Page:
Robert Paul Jones: 1947-2013

A light has gone out in the world of music that will leave a gaping hole in my life. My friend Bob Jones had gone on to join our friends Michael Stewart and John Chambers. I am told that after overcoming the enormous challenges of pancreatic cancer, his body succumbed to an infection that was too much for his weakened immune system.

Though I will miss being able to call and speak with him, I am grateful for the amazing things that we shared over the years since I met him at the University of San Francisco, enjoyed success as members of We Five, pursued separate careers, and then reconnected a few years ago at his home in Maui. While working on a memoir about the We Five experience, Bob and I had some remarkable conversations inspired me and which added color and dimension to the story I would not have achieved without his input.

In March of this year, I was able to bring Beverly with me to see him for a visit in Fairfax California. Though he was recovering from major surgery, we found a man totally filled with excitement about the next steps in his life and holding a guitar. We talked, laughed, reminisced, played and sang with an ease that was remarkable considering the decades that had passed since the three of us had been together. In spite of the concerns about his health that led to our visit, Beverly commented that it felt so natural we could easily have been in a hotel room rehearsing. It is something that will never happen now, but I am thankful for that visit that was captured in this photo. I will cherish it always.

Bob was an incredibly talented musician and an innovative thinker that in many ways helped to shape the sound and direction of music beginning with his 12-string guitar lines that energized our 1965 recording of You Were On My Mind, and continued with the range of talented people with whom he made music. I was privileged to know him as both a musician and a friend. Following is a very nice epitaph that was posted on Facebook by Mike McCartney, a coworker at the radio station where Bob pursued one of his many musical loves as a DJ. Read and enjoy.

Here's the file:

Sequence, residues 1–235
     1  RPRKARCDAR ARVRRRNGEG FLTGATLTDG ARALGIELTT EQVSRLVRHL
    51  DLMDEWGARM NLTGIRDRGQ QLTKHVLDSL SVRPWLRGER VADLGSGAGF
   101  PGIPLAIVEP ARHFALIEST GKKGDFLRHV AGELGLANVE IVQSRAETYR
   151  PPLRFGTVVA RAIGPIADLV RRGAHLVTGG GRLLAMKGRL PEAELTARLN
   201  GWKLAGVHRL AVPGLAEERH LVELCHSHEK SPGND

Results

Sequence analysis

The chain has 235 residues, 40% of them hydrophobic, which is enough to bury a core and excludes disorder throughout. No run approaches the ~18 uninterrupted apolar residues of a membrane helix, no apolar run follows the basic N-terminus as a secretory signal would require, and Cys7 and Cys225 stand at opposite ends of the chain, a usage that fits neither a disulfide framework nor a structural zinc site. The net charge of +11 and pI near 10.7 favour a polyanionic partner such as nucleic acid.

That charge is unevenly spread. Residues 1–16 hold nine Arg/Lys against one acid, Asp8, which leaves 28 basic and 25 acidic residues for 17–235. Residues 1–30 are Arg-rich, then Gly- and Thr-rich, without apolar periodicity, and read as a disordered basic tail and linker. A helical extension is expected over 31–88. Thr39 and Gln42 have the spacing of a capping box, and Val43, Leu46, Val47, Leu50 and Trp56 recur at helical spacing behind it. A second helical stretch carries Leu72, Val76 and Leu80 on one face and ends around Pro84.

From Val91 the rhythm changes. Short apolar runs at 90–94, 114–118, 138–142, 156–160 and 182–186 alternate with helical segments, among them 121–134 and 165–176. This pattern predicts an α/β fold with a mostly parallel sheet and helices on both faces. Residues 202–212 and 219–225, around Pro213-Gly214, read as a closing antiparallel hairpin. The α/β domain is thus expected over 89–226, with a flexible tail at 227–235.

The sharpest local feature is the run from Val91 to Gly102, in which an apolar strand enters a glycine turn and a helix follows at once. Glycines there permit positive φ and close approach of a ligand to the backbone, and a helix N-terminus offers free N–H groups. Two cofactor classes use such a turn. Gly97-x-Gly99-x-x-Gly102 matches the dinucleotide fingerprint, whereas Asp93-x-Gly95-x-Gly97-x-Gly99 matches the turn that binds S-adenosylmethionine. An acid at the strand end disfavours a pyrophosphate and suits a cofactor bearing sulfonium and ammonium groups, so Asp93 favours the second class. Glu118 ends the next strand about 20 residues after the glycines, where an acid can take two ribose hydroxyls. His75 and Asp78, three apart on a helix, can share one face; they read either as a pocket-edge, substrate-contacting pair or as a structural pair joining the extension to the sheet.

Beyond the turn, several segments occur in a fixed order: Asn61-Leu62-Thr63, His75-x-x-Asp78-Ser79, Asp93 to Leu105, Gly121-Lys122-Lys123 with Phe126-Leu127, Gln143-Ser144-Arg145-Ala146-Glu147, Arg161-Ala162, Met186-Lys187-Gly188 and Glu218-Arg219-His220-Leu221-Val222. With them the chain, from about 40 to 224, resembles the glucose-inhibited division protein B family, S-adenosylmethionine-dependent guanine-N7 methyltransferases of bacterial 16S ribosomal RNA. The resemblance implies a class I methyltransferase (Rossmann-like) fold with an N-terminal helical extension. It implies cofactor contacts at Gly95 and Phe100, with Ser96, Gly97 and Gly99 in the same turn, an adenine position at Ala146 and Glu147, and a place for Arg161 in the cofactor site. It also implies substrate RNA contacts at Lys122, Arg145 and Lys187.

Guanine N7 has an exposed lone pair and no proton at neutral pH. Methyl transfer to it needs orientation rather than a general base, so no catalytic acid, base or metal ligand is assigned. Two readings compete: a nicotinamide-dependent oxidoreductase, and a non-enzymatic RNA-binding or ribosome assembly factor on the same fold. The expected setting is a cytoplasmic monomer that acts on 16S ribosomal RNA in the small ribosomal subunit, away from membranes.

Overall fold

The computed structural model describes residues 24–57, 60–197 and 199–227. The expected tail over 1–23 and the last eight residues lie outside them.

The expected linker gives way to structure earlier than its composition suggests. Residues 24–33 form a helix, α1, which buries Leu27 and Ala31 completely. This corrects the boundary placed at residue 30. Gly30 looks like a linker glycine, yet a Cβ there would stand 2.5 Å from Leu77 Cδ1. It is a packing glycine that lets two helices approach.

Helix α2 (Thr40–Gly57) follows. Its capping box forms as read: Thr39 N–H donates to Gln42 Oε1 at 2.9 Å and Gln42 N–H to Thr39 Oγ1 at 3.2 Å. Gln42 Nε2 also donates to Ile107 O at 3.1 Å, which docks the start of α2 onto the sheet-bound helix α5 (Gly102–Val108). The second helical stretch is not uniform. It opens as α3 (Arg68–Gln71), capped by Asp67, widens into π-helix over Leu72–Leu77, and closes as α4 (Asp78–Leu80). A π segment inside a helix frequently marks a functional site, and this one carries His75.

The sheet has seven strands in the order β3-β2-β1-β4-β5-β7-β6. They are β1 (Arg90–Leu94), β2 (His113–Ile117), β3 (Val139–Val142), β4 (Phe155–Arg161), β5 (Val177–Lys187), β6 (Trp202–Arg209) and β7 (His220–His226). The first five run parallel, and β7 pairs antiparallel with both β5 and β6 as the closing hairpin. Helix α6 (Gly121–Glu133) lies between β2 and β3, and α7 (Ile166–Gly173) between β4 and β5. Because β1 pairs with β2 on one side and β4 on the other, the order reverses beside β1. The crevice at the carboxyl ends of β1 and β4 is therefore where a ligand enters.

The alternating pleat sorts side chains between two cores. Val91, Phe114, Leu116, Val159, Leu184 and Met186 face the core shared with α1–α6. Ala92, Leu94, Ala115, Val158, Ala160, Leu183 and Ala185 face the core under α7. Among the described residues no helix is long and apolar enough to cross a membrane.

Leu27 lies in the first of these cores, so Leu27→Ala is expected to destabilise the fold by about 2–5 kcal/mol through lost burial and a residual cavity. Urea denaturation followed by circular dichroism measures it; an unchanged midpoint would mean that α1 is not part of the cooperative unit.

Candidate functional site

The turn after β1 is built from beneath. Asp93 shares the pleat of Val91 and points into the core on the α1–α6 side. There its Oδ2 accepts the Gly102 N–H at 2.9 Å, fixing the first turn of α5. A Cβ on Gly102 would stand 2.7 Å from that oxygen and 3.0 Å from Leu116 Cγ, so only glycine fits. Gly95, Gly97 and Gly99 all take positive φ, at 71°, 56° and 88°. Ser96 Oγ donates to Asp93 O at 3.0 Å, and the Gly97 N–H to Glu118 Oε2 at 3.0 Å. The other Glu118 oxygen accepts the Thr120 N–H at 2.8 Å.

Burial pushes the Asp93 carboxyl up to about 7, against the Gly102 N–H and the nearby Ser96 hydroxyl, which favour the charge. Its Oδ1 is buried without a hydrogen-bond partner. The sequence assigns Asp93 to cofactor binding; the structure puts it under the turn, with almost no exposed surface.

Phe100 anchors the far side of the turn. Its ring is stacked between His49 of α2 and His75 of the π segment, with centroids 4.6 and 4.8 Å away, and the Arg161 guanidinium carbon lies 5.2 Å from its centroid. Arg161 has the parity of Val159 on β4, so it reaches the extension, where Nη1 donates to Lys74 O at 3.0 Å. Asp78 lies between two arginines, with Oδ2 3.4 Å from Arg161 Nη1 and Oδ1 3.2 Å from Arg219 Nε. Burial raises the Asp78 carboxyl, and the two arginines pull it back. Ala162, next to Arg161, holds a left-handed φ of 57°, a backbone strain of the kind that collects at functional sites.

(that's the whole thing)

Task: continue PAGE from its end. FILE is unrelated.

Jerry Burgan



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It is with a heavy heart that I share the sad news that my friend Bob Jones passed away after losing his long and valiant battle against pancreatic cancer. He used to be the disc jockey on the air before my show started and we'd swap stories between one another during the end of his show and the beginning of mine. It was a ritual that I looked forward to. I always called him "Doogie" as a reference to "Doogie Howser, M.D." which he chuckled over. Making Bob laugh was always my goal with him because others loved to refer to him as curmudgeonly. Perhaps it was because of his long career as a musician that made him seem like that to my fellow radio colleagues but he was always extremely fun to be around and incredibly brilliant. I called him Doogie because he graduated from St. Louis High School early and suddenly found himself a young whippersnapper in college at San Francisco. Bob was an akamai kid from Hawaii and could "out science" any science teacher. His love for music started with the piano as a child and then added the guitar and drums to his skills. Here in Hawaii, while in high school, he co-founded The Viscounts along with Jimmy Funai, Sunny Cachola, Stewart Matsumoto and Ross Hiyashida. But it was that young kid surrounded by older kids in college that formed a band that eventually scored a Top 40 hit with "You Were On My Mind".

We Five was Bob's professional beginning as lead guitarist and instrumental arranger for the group that Michael Stewart originally formed along with Beverly Bivens, Jerry Burgan and Peter Fullerton. Michael was the brother of John Stewart of the Kingston Trio. He recorded two albums with them including the hit single "You Were On My Mind". We Five's first album and single sold more than two million copies each and has since gone on to become a classic of the folk rock period. Bob was one of the first to use an electric 12 string on recordings. The band appeared on national television numerous times and toured the United States and Canada extensively starting with The Dick Clark Caravan of Stars. The re-arrangement of the Ian and Sylvia song "You Were On My Mind" went directly to the Billboard Top Five in 1965. We Five were nominated in 1966 for a Grammy for Best Performance By A Vocal Group (for "You Were On My Mind"). The category included The Beatles among others but they lost the award to the Anita Kerr Quartet. They were also the first commercial folk-rock artists to record music for Coca-Cola. I bring up The Beatles in that Grammy category because I got Bob to admit on The Time Machine Radio Show that he took George Harrison's guitar playing on "A Hard Day's Night" and played it in reverse for "You Were On My Mind". We laughed and he couldn't believe that he just got that off of his chest after over 40 years on the public airwaves. You take inspiration from wherever you can get it.